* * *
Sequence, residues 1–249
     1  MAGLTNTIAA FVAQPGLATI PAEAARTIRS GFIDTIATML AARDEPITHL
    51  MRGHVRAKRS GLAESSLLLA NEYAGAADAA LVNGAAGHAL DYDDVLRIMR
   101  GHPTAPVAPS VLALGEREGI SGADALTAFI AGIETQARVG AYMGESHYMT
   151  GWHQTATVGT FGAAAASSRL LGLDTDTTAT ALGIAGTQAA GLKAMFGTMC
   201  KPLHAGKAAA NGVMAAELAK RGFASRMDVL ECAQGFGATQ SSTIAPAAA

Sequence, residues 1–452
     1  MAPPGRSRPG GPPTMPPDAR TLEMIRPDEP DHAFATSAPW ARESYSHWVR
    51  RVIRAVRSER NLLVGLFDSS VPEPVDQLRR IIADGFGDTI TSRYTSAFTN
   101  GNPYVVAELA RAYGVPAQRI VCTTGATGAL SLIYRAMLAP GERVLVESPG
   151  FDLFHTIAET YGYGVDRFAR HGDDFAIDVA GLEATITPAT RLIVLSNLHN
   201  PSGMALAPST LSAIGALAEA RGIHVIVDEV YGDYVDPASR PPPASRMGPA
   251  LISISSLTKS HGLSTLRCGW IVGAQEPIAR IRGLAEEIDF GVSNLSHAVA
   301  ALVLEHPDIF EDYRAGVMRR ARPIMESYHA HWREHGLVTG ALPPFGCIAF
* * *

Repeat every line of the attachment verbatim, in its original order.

Sequence, residues 1–249
     1  MAGLTNTIAA FVAQPGLATI PAEAARTIRS GFIDTIATML AARDEPITHL
    51  MRGHVRAKRS GLAESSLLLA NEYAGAADAA LVNGAAGHAL DYDDVLRIMR
   101  GHPTAPVAPS VLALGEREGI SGADALTAFI AGIETQARVG AYMGESHYMT
   151  GWHQTATVGT FGAAAASSRL LGLDTDTTAT ALGIAGTQAA GLKAMFGTMC
   201  KPLHAGKAAA NGVMAAELAK RGFASRMDVL ECAQGFGATQ SSTIAPAAA

Sequence, residues 1–452
     1  MAPPGRSRPG GPPTMPPDAR TLEMIRPDEP DHAFATSAPW ARESYSHWVR
    51  RVIRAVRSER NLLVGLFDSS VPEPVDQLRR IIADGFGDTI TSRYTSAFTN
   101  GNPYVVAELA RAYGVPAQRI VCTTGATGAL SLIYRAMLAP GERVLVESPG
   151  FDLFHTIAET YGYGVDRFAR HGDDFAIDVA GLEATITPAT RLIVLSNLHN
   201  PSGMALAPST LSAIGALAEA RGIHVIVDEV YGDYVDPASR PPPASRMGPA
   251  LISISSLTKS HGLSTLRCGW IVGAQEPIAR IRGLAEEIDF GVSNLSHAVA
   301  ALVLEHPDIF EDYRAGVMRR ARPIMESYHA HWREHGLVTG ALPPFGCIAF